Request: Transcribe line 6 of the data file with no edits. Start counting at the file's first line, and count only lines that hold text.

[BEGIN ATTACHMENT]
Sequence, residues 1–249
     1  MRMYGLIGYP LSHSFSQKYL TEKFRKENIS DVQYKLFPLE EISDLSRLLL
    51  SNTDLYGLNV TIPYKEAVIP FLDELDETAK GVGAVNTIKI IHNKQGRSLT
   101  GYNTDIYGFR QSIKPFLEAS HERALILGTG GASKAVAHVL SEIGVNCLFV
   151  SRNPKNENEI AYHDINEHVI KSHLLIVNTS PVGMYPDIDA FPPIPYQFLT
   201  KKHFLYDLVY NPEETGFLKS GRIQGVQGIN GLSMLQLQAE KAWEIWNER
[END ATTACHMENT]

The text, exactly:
   201  KKHFLYDLVY NPEETGFLKS GRIQGVQGIN GLSMLQLQAE KAWEIWNER